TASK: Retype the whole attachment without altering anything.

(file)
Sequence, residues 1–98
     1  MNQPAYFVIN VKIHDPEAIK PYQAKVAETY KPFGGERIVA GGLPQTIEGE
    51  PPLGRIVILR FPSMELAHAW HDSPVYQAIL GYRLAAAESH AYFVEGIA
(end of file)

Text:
Sequence, residues 1–98
     1  MNQPAYFVIN VKIHDPEAIK PYQAKVAETY KPFGGERIVA GGLPQTIEGE
    51  PPLGRIVILR FPSMELAHAW HDSPVYQAIL GYRLAAAESH AYFVEGIA